The federal elections in Germany held past sunday have seen some provisionally official results published. The result is, as was expected by many, a sufficient victory for the liberal FDP to allow a coalition with the conservatives of the CDU/CSU, especially after the major collapse of the votes for the social-democratic SPD, which suffered its worst result since 1953. This is not surprising, since the SPD campaign led by Frank-Walter Steinmeier was possibly the first in which the social-democrats no longer even bothered talking about improving the welfare of the workers, but instead focused on sniping away at the ruling party, implying that the task of running liberal capitalism should be left to them instead.

The German voters rejected this out of hand. Continue reading “Results of the 2009 elections in Germany”

More Hypocrisy from the Imperialists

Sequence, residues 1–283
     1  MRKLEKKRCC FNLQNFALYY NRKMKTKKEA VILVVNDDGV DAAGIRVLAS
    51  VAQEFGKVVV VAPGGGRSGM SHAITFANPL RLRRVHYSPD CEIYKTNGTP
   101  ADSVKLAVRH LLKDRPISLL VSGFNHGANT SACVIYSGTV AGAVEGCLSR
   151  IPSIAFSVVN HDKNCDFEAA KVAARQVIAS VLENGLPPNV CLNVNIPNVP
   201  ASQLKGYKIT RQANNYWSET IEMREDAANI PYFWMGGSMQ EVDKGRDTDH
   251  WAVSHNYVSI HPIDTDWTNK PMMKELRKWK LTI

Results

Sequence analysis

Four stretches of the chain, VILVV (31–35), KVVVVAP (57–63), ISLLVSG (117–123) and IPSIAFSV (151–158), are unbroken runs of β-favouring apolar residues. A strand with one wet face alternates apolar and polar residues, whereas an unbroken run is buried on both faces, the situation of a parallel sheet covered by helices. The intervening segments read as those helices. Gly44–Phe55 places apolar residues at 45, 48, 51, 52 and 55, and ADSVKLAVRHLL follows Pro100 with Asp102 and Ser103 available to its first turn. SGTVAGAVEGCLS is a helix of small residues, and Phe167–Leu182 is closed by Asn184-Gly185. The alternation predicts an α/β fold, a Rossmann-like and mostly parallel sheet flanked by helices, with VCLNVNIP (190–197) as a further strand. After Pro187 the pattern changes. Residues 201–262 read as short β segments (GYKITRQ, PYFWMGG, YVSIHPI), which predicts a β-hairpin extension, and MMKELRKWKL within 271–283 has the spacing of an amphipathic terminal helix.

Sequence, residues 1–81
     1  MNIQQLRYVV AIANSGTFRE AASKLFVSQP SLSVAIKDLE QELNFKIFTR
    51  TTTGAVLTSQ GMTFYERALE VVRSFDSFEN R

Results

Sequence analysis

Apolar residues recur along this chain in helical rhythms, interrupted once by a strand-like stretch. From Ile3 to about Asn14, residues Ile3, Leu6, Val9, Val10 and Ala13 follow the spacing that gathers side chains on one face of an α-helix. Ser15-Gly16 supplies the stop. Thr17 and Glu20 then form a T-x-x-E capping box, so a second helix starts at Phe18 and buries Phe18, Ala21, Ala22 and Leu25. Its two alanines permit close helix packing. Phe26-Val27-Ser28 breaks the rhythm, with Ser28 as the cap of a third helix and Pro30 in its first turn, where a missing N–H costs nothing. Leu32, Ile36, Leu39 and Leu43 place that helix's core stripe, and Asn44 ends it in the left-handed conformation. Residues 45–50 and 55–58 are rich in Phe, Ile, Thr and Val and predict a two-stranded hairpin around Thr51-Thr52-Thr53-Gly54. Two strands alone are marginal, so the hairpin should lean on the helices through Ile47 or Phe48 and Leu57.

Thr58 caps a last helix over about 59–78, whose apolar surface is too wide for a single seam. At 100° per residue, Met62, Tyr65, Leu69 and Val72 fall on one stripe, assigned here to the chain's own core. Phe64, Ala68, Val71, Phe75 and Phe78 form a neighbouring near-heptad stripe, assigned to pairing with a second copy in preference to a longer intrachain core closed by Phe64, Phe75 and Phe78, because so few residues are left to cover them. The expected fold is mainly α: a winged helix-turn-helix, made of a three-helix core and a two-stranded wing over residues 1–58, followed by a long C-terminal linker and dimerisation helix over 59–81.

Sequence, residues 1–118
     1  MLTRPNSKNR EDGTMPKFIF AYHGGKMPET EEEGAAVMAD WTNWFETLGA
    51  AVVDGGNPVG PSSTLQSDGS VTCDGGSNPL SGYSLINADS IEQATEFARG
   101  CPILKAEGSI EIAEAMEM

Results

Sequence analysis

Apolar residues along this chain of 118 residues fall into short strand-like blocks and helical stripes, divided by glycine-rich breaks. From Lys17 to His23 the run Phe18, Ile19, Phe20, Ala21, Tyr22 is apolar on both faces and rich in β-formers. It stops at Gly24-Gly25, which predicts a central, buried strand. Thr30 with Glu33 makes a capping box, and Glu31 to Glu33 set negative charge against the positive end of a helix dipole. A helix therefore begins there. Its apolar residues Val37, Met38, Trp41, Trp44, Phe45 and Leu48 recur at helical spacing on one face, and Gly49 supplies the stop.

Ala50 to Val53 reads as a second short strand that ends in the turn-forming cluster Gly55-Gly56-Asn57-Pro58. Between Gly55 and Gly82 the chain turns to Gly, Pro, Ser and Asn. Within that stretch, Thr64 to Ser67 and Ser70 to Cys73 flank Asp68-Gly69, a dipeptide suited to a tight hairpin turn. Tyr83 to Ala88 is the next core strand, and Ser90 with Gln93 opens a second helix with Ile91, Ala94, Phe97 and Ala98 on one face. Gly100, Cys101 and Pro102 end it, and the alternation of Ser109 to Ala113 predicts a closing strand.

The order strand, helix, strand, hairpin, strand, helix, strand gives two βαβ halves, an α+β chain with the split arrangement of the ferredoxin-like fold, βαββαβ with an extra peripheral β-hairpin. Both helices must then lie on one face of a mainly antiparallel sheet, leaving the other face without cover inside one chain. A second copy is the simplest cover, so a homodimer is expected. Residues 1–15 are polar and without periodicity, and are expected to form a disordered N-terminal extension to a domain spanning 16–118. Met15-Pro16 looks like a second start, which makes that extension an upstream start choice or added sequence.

The Presidential elections in occupied Afghanistan have proven themselves to be as fraudulent as could be expected from a corrupt regime with little legitimacy or authority outside the nation’s capital, propped up by a national army led by one of the worst warlords of the nation’s past. Indeed, although the United Nations praised the fact the elections were held at all, the turnout was significantly lower than during the last elections under American occupation in 2004 (1). Then, some 70% of registered voters were estimated to have shown up, a number which has now dropped to an expected 40-50%. (2)

The widespread expectations of fraud, due to the manner in which the Karzai government has delegated its authority to local warlords in exchange for favors (presumably including favorable election results), so far look to have been justified. Continue reading “More Hypocrisy from the Imperialists”